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This article was published 12/9/2018 (701 days ago), so information in it may no longer be current.
Thieves have made off with roughly $800K in product from Manitoba Liquor Marts in the last 12 months.
That’s according to data released by Manitoba Liquor and Lotteries Wednesday, in response to media inquiries about what police are calling a serious spike in crime at local stores.
While liquor theft has always been a concern for the provincial Crown corporation, the past 12 months have seen not just an increase in thefts, but also an increase in volatility, according to an MLL spokeswoman.
Security guards at the stores have been instructed not to physically intervene when thefts are in progress.
"We have security guards stationed in a number of Winnipeg Liquor Marts that play an important role in observing, detecting and deterring theft. Our security guards are trained to approach people they think may be stealing, speak with them, and discourage them from leaving the store with the product," the spokeswoman said in a written statement.
"(That is) a method that is usually successful with the traditional shoplifter.... What we have been experiencing recently has been a completely different type of scenario. These criminals are brazen and dangerous when confronted, as seen in previously reported incidents."
On Tuesday, the Winnipeg Police Service said it has received 1,277 reports of Liquor Mart thefts this year — an average of five per day. In the first 11 days of September alone, there were 95 reports forwarded to police, an average of about eight per day.
MLL did not respond to a request for clarification on whether every theft is being reported to police. Total annual sales for the Crown corporation are just under $800 million.
"It should be noted that even with the recent increase in these types of incidents, our shrinkage remains low. In the past 12 months it was approximately 0.2 per cent of total sales. In the previous 12 months it was 0.13 per cent," the spokeswoman said.
"This translates to an increased cost, of products stolen, of approximately $200,000."
Police believe many of the thieves are selling the stolen liquor online, indicating the problem is a more organized criminal effort than traditional shoplifting.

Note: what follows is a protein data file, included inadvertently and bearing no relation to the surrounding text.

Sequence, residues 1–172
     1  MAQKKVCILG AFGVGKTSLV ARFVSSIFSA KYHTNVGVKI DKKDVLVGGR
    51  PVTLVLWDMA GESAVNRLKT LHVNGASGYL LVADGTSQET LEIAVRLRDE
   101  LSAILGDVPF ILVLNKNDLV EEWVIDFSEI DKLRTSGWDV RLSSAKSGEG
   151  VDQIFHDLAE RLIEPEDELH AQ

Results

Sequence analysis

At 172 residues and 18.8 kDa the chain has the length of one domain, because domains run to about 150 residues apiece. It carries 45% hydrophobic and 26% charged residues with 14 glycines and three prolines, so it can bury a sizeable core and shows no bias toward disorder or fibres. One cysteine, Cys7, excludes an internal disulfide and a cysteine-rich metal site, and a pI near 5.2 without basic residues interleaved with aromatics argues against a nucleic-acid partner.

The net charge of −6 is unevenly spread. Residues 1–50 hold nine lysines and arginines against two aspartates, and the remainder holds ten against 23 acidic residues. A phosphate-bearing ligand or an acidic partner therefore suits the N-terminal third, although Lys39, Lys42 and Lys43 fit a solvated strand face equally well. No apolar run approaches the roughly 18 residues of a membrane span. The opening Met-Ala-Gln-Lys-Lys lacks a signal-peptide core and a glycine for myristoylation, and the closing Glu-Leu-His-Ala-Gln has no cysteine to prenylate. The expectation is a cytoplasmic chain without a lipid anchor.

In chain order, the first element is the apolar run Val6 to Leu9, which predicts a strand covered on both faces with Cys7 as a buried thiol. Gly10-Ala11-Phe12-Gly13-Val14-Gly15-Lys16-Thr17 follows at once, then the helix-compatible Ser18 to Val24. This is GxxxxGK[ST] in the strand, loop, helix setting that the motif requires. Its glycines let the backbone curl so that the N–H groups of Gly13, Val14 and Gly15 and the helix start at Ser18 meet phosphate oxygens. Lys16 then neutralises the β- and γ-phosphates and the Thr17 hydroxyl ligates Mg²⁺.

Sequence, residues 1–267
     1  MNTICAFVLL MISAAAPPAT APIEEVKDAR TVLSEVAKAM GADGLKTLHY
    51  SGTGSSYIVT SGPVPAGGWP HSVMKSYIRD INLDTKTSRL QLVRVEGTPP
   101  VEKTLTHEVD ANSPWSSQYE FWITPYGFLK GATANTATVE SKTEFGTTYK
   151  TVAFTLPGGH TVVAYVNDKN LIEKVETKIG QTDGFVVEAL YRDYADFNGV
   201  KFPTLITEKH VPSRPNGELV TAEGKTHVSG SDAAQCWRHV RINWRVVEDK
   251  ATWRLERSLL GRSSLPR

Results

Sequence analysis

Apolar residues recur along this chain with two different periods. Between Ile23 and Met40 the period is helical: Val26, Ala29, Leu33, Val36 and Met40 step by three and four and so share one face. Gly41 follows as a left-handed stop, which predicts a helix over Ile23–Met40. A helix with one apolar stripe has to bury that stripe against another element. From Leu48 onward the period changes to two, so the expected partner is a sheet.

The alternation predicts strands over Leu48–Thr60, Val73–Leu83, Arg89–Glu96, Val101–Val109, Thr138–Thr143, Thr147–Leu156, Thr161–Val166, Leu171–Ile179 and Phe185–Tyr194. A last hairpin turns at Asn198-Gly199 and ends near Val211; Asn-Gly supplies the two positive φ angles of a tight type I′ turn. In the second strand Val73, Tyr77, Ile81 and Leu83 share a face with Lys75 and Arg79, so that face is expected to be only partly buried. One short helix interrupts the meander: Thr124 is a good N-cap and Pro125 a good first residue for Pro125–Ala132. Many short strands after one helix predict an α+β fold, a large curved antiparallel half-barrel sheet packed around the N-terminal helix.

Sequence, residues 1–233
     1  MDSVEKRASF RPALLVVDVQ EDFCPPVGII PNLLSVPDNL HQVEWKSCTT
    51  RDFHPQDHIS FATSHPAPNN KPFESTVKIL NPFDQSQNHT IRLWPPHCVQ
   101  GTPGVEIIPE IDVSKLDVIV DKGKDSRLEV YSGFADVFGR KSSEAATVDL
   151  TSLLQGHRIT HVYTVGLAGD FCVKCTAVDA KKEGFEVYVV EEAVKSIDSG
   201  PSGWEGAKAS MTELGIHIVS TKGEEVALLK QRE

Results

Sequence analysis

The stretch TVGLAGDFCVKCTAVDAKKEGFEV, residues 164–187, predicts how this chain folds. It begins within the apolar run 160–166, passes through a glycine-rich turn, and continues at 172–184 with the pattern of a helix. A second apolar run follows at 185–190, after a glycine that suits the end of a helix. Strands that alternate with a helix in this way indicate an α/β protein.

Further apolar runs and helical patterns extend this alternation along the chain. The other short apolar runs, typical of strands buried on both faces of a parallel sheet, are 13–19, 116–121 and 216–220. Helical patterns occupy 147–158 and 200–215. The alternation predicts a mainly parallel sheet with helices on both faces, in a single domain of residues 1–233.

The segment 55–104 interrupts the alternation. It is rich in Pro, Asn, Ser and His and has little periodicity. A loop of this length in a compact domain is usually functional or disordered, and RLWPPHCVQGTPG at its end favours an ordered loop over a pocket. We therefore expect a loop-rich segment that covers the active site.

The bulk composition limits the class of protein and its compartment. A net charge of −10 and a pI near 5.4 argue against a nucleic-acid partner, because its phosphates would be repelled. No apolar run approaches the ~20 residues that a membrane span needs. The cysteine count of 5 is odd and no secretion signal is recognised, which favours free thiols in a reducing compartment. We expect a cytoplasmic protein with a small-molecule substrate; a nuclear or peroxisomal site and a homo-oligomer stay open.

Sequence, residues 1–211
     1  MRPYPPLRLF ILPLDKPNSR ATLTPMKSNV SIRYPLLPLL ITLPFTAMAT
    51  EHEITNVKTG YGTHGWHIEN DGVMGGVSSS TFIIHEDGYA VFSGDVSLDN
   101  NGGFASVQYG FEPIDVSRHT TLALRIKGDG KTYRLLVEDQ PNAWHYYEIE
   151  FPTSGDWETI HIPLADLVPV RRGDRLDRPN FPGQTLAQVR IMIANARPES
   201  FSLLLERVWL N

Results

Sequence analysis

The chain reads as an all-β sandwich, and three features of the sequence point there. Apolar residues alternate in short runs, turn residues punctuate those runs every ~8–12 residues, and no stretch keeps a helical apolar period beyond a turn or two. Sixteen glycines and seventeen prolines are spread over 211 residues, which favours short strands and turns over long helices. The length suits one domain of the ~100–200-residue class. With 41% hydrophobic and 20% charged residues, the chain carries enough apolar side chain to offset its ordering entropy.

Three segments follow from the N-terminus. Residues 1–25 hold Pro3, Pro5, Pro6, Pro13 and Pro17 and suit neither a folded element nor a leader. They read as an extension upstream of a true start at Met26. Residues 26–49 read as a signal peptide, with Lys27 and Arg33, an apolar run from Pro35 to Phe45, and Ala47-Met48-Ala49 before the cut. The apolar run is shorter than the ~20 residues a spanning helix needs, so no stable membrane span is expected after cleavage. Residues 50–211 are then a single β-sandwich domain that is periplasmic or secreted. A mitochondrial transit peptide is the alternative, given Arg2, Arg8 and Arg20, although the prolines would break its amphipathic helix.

While the MLL's surveillance and security department hands over video footage and notes about the thefts to the WPS, the rash of incidents has resulted in a serious drain on the resources of the major crimes unit, police said.
'It is our understanding that a policy of non-violent crisis intervention is the norm at retailers across the country.... No price is worth anyone being seriously hurt over a bottle of spirits' — Manitoba Liquor and Lotteries
Const. Jay Murray said Tuesday that police believe the MLL needs to do a better job at preventing the thefts, rather than relying on "reactive policing."
In response, MLL said that while it's continuing to "explore new ways to address the issue of growing theft in our Liquor Marts," it already implements industry best practices in combating theft, with "internal security policies that are similar to, if not the same, as most major retailers."
A spokesperson for Minister of Crown Services Colleen Mayer said the increase in thefts from MLL locations was flagged to the previous minister, Cliff Cullen, as well as the new minister when she took over the file Aug. 1.
In the coming days Mayer and the MLL Chair Polly Craik will be sitting down for a face-to-face meeting and theft will be one of the items on the agenda, the spokesperson said.
Despite the directive given to security guards to not intervene, MLL stressed it isn't standing idly by.
"We employ state-of-the-art security equipment that captures high-definition images from all angles, and our surveillance and security department works seven days a week diligently, investigating and reporting incidents," the spokeswoman said.
"It is our understanding that a policy of non-violent crisis intervention is the norm at retailers across the country.... No price is worth anyone being seriously hurt over a bottle of spirits."
— With files from Jessica Botelho-Urbanski
Ryan Thorpe likes the pace of daily news, the feeling of a broadsheet in his hands and the stress of never-ending deadlines hanging over his head.
Updated on Thursday, September 13, 2018 at 6:59 PM CDT: A previous version of this story said $1.6 million in liquor was stolen. That figure was based on erroneous numbers provided by Manitoba Liquor and Lotteries.
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